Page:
This book project centers on the complex tale of two ordinary and flawed American women propelled by the extraordinary circumstances of World War II into acts of heroism. Margaret Utinsky, petite and redheaded, caustic and cautious; Claire Phillips, a willowy brunette, big-hearted, with a gift for gab. Confronted with the Japanese occupation of the Philippines, both women refused to surrender to civilian internment. Instead, they risked their lives to provide humanitarian support for American military prisoners and funneled supplies and information to guerrilla forces. Their story moves beyond the actions of two individual women; it is a larger story of how women survive in enemy-occupied territory during wartime.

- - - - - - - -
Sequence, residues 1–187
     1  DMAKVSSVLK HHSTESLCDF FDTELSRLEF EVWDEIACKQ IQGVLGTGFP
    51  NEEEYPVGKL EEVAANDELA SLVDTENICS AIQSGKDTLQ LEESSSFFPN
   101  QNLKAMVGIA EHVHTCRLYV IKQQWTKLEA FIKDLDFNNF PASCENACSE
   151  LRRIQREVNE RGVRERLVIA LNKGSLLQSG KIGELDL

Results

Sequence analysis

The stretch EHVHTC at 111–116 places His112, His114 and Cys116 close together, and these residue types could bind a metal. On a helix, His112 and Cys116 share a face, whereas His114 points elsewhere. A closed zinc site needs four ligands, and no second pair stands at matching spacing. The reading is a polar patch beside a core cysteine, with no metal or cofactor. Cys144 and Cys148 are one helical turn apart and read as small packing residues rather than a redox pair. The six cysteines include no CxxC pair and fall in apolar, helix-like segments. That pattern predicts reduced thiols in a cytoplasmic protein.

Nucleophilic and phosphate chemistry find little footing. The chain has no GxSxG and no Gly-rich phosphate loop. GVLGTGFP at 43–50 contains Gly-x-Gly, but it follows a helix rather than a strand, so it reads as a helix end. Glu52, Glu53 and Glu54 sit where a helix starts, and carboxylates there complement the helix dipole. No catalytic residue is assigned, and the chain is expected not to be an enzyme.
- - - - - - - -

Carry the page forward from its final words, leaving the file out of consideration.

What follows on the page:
Theresa Kaminski is a UW System Fellow. She holds a Ph.D. in History from the University of Illinois at Urbana-Champaign and is currently Professor of History at the University of Wisconsin-Stevens Point where she teaches American Women's History. Her fascination with the inter-relation of gender, imperialism, and war resulted in the publication of Prisoners in Paradise: American Women in the Wartime South Pacific (University Press of Kansas, 2000) and Citizen of Empire: Ethel Thomas Herold, an American in the Philippines (University of Tennessee Press, 2011). After completing what she considers to be the final volume in her Philippines trilogy, Professor Kaminski will resume work on her biography of Dale Evans.